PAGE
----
Optimizing ROI on Your Network Investment

SIP trunking improves your existing network and unified communications infrastructure with increased voice and mobile capabilities.

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In the first part of expertIP’s interview with Art Schoeller, Principal Analyst of Forrester Research, we learned how packet-switched technologies allow companies to better utilize their voice facilities and gain network flexibility. Traditional circuit-switched networks carry voice traffic over multiple trunks, Schoeller explained, many of which are only used during high-activity periods such as seasonal sales spikes. With SIP trunking, a packet-switched protocol, voice transmissions seek out the most efficient route to their destination address, allowing for more flexible bandwidth allocation.

But there’s more to SIP trunking than enhanced network flexibility. Many voice applications can be compressed with SIP trunking, Schoeller told expertIP in the second part of his interview. “You can now fit more voice calls over the same physical facility with a SIP trunking connection,” he said. “Whereas you would get 23 or 24 channels on a T1 connection, you can get 50 or 60 simultaneous calls over the same facility with SIP.”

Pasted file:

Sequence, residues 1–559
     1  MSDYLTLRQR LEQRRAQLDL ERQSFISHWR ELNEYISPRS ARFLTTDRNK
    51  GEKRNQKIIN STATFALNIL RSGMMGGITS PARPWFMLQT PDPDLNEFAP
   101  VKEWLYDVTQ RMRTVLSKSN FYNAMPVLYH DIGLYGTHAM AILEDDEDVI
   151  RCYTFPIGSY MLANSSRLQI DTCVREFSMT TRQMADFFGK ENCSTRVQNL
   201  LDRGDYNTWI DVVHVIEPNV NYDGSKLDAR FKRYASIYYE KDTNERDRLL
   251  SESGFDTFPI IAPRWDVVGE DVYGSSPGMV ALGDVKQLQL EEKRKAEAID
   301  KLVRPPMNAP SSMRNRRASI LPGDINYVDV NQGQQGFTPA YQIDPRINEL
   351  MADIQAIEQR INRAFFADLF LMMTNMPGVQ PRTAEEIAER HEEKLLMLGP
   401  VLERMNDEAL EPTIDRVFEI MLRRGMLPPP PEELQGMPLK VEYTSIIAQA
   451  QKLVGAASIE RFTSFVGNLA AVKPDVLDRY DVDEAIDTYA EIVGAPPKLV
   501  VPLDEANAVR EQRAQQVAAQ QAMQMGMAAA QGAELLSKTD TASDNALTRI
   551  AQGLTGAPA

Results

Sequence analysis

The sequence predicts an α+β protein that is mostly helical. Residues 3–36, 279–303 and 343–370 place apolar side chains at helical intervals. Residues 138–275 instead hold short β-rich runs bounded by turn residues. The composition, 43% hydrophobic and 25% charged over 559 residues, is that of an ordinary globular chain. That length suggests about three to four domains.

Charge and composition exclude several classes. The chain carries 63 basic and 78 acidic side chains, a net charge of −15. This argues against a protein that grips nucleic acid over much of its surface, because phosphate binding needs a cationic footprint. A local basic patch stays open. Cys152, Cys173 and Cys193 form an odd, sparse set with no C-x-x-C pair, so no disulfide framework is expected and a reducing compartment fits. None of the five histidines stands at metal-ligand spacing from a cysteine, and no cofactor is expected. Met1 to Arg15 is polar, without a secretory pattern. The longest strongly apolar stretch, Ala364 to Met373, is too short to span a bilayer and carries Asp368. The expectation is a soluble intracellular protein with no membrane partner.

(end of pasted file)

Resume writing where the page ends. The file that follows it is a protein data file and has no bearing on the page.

Art Schoeller, Principal Analyst for Forrester Research, explains how SIP trunking improves network and UC capabilities.

With circuit-switched technologies, a company with many locations – large headquarters and smaller offices – would need fixed trunks at all of its sites. “If you centralize and concentrate that traffic with SIP,” Schoeller said, “your utilization of those (remaining) trunks goes up.” That means fewer connections for IT staff to monitor and less hardware to purchase and manage.

SIP trunking also allows IT managers to efficiently and affordably integrate more home and remote workers into the unified communications infrastructure, giving those workers access to all of the company’s network capabilities. To gain even more cost savings and employee productivity, mobile phones can be seamlessly added to the company’s unified communications architecture through fixed mobile convergence.

“With fixed mobile convergence,” Schoeller said, “I can ring your land-line number at your office or your cell phone and these calls can be easily redirected. We were able to do that in the past, but it was just harder to do.”

To read the third part of our interview with Art Schoeller, go here.

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